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A Decision Inconsistent and Duplicitous, Not Journalistic

Monday will start three commission meetings in a span of just 29 hours. With the summer break, however, it has been since June 22 since the BOCC last met so there’s not much countywide news to update.

Today’s column is once again going to focus on criticism of the Chronicle. The Concurrent did not start as a media critic, and I am going to get back to writing about current affairs soon. However, the Chronicle denied the Concurrent’s request to print our hard copy editions this week citing that the Concurrent is a direct competitor to the Chronicle.

This is a fundamental misunderstanding of what the Concurrent is. It does serve as an opportunity to clarify why the Concurrent is not a competitor as well as demonstrate why the Chronicle at times doesn’t behave like a newspaper.

Before we get any further, I have to say that this isn’t censorship or cancel culture or any other phrase thrown around as popularly as it is carelessly when an outlet that leans conservative is met with denial by established media.

A private business has a right to refuse service, one that should be respected, so the decision not to publish is well within their right. But it is curious.

Five years ago the Chronicle published some editions of the Suncoast Standard, a publication that much more directly competed with the Chronicle. The Standard had paying subscribers, printed on broadsheet with a fold, had original reporting and had a higher publication frequency than monthly - all things the Concurrent does not do but that would make the Standard more of a direct competitor.

This means the policy is applied inconsistently. The Chronicle was under different ownership then, so maybe Paxton Media Group changed the rules. Maybe.

We do both compete for local ads, so their claim of competition makes business sense, right? Again, maybe. The Concurrent would be paying for use of the press.

If the Chronicle believed this start-up publication unknown to the masses could steal more advertiser money from the oldest business in Citrus County than what the Concurrent would be paying the Chronicle to print, then yes, the competitor claim makes business sense. I’m flattered at the implication but humble enough to know this seems like an unlikely outcome.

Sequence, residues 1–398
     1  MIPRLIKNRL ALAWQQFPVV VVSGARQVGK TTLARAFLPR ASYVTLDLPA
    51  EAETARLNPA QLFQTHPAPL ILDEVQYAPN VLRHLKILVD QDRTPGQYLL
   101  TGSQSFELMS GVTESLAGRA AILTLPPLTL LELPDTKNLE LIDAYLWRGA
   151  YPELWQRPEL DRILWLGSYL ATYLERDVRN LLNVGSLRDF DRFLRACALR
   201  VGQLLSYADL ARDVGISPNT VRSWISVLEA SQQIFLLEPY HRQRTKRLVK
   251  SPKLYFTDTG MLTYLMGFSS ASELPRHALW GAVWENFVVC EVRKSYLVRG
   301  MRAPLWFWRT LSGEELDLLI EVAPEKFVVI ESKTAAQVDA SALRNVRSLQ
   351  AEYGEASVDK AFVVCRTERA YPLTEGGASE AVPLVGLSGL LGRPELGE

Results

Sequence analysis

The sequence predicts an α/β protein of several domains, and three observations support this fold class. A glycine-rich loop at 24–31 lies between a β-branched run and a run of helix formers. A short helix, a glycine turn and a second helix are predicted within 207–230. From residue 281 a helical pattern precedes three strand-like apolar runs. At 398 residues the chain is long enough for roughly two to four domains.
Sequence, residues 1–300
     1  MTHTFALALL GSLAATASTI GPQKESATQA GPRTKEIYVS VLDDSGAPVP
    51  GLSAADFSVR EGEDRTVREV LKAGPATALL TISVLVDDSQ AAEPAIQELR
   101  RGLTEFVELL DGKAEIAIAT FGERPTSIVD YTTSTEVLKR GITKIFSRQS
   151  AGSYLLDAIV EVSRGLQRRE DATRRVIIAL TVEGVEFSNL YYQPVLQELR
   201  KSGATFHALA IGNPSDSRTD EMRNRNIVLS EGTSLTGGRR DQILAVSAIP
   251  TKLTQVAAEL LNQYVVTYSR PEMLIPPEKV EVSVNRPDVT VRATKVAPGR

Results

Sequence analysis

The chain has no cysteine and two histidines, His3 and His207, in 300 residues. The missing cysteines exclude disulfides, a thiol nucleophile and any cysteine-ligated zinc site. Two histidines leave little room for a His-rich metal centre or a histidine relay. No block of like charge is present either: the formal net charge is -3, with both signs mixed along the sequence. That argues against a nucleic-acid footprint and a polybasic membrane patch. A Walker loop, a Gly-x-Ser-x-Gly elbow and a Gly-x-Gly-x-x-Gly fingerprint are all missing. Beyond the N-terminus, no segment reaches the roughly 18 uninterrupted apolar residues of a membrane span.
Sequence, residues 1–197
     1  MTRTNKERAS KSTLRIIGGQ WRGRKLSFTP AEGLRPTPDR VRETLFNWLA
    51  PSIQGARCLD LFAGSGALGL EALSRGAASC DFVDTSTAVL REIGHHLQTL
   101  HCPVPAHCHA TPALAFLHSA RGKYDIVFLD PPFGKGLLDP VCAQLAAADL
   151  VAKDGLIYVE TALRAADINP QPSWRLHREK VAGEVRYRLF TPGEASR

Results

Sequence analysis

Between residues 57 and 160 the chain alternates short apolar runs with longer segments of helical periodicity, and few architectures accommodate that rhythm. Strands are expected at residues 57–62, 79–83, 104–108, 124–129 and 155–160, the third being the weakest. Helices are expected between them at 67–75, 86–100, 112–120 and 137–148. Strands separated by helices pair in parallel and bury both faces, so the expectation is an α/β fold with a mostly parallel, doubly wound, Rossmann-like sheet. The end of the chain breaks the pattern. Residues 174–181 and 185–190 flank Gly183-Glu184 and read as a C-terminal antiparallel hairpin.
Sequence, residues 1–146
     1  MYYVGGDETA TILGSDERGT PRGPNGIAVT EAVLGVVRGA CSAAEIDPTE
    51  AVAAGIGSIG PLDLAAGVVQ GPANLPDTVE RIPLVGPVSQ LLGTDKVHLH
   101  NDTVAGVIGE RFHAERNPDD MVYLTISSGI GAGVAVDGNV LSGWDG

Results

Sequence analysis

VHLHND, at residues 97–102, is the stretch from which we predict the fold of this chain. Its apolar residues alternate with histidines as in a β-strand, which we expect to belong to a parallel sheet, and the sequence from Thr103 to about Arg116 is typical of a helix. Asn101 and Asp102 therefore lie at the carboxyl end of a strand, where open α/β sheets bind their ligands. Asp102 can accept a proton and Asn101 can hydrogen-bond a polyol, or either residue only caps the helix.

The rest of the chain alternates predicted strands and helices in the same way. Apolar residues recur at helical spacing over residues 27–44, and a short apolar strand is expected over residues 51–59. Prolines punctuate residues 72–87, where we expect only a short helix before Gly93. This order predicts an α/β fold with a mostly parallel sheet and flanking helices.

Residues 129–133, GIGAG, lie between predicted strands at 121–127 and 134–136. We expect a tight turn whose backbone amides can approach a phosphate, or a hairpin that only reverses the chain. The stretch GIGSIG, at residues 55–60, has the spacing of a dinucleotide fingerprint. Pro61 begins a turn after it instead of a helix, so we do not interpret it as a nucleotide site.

What if their reasoning is they just don’t like me? I have been highly critical of them so what did I expect to have happen? This is where their decision goes from inconsistent to duplicitous. An essential quality of duplicity is deceit.

If the decision was made from a journalistic perspective, publication would be a sure thing. The journalism industry is highly competitive, papers in the same area like the Tampa Bay (formally St. Petersburg) Times and the Tampa Tribune battled for decades until there was a winner, but it’s also collaborative because the mission is to investigate what others cannot and host the public forum for debate. This is how we get the Associated Press, the News Service of Florida and any other press collaboration societies.

If the decision was made from a business standpoint, publication would also be welcomed for the reason outlined above. So if the decision wasn’t to uphold a journalistic mission and wasn’t made for good business, then what motivated it?

A desire to control the conversation. This is where the Chronicle ceases to act like a newspaper and starts to look like something else. Journalists report the news and welcome the conversation. Public relations entities try to control it.

The Chronicle is an excellent community newspaper, something we say often, and we are incredibly thankful for the journalists and staff who work tirelessly to find the stories that reflect our unrivaled hometown charm.

Infrequently, though not insignificantly, the editorial leadership will use this overwhelming goodwill generated by its superb community coverage as a social capital shield against shady practices, usually ones that resemble PR more than journalism. It’s a subtle distinction but with great duplicitous implications for its audience.

My gripe is not with the media or newspapers or even the Chronicle as a publication. I take a position on any individual who interjects a personal agenda using the weight of their organization as collateral contrary to that organization’s greater mission or purpose. I’m against it.

I saw it happen last election cycle from several offenders. It’s going to continue. Media is meant to be a watchdog; to speak truth to power. That’s an impossible standard to uphold when you become the mouthpiece.


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